RESPONDENT: United States
LOCATION: New Jersey General Assembly
DOCKET NO.: 81-5195
DECIDED BY: Burger Court (1981-1986)
LOWER COURT: District of Columbia Court of Appeals
CITATION: 463 US 354 (1983)
ARGUED: Nov 02, 1982
DECIDED: Jun 29, 1983
Joshua I. Schwartz - on behalf of Respondent
Silas W. Wasserstrom - on behalf of Petitioner
Silas J. Wasserstrom - on behalf of petitioner
Facts of the case
Media for Jones v. United StatesAudio Transcription for Oral Argument - November 02, 1982 in Jones v. United States
Audio Transcription for Opinion Announcement - June 29, 1983 in Jones v. United States
Warren E. Burger:
The judgments and opinion of the Court in Jones against the United States will be announced by Justice Powell.
Lewis F. Powell, Jr.:
This case is here form the District of Colombia Court of Appeals.
In the District, a criminal defendant is acquitted if he can establish an insanity defense by preponderance of evidence.
He is then committed to a mental hospital.
In 1975, petitioner Jones was arrested on charges of attempted larceny, a crime punishable by a maximum sentence of one year imprisonment.
He successfully pleaded insanity and was committed to a mental hospital.
After Jones had been hospitalized for longer than a year, he demanded a civil commitment hearing at which it would be the Government's burden to prove by clear and convincing evidence that he was mentally ill and dangerous.
The Court of Appeals rejected that argument.
A judgment of not guilty by a reason of insanity establishes two facts, first, that the defendant committed a criminal act and second, that he did so because of mental illness.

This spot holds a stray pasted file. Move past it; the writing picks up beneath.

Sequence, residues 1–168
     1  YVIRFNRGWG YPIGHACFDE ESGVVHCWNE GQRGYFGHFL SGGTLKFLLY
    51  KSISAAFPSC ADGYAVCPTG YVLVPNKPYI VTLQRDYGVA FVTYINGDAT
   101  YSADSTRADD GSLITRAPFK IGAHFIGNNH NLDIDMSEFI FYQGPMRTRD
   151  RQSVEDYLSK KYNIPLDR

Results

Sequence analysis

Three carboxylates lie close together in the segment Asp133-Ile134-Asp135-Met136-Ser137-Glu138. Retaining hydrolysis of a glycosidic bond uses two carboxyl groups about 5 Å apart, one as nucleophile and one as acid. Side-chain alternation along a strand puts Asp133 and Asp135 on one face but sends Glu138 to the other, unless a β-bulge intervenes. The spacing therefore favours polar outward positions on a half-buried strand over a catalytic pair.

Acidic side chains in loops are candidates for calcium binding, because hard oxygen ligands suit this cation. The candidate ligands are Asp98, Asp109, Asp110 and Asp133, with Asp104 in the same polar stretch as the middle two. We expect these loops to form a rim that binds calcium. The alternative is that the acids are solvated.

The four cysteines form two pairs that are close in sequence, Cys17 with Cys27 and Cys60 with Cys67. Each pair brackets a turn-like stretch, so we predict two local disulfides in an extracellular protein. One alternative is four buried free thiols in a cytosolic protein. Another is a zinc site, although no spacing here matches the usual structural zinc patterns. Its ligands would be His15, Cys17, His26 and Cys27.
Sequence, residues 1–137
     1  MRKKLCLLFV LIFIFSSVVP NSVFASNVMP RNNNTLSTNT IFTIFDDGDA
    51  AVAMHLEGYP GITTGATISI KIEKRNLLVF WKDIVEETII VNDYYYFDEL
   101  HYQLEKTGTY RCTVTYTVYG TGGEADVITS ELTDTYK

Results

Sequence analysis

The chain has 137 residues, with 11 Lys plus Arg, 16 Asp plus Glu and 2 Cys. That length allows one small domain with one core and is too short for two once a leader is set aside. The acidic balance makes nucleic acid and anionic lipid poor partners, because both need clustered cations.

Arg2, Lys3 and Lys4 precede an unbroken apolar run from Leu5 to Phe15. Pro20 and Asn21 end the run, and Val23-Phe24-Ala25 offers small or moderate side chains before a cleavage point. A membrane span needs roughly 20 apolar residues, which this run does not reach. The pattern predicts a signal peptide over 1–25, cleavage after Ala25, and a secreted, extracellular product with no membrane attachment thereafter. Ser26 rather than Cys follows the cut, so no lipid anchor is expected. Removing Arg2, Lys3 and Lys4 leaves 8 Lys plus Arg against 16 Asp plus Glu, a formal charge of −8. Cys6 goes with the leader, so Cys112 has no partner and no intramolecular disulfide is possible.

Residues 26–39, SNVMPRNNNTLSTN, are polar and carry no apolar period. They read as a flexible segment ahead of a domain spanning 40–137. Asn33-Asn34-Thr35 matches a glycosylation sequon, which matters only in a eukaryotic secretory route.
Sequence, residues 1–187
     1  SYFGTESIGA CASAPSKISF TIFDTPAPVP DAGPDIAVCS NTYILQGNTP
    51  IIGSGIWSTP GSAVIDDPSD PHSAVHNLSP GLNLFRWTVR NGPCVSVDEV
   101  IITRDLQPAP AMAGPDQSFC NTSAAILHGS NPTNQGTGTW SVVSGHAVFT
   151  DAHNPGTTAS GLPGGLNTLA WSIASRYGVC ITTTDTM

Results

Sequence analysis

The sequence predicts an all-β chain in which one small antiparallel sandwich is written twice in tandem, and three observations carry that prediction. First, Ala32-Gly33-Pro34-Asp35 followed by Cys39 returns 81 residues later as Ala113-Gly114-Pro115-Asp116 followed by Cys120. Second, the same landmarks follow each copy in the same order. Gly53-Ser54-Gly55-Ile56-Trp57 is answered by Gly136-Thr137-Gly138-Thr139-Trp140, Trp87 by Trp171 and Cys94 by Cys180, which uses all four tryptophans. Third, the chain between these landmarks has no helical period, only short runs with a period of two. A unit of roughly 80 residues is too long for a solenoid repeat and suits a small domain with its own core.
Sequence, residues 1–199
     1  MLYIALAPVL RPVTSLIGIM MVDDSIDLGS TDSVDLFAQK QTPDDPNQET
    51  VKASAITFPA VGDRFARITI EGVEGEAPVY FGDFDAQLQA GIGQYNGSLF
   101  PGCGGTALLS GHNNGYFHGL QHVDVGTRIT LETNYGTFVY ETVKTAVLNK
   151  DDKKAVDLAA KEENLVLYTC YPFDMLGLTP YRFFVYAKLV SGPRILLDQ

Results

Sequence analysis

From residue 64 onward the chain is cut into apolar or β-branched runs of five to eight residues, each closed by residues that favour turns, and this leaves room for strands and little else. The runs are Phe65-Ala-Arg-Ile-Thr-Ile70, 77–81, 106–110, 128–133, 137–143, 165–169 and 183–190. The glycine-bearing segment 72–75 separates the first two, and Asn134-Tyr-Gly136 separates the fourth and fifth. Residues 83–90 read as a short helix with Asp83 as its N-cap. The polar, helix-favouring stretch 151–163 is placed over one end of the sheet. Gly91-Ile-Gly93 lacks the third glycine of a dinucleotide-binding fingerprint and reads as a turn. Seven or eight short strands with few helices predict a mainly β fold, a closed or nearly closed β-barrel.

We hold that these findings sufficiently demonstrate mental illness and dangerousness.
This is necessary.
The involuntary commitment is necessary, both for the treatment of the defendant and for protection of society.
Clear and convincing evidence is required to support a civil commitment but where a defendant elects to plead insanity, a judgment on such plead is lawful when supported by a preponderance of the evidence.
Petitioner argues also that he may not be confined to an institution for a longer period of time than he would have served in prison, but a sentence of incarceration is based on a variety of punitive factors not relevant to a hospital commitment.
Moreover, the statute provides several ways and an insanity acquittee may obtain release including the right to a judicial hearing every six months.
Jones has not yet been able to establish by a preponderance of the evidence that he has recovered from his illness.
We affirm the judgment of the Court of Appeals.
Justice Brennan has filed a dissenting opinion joined by Justices Marshall and Blackmun.
Justice Stevens also has filed a dissenting opinion.
Warren E. Burger:
Thank you, Justice Powell.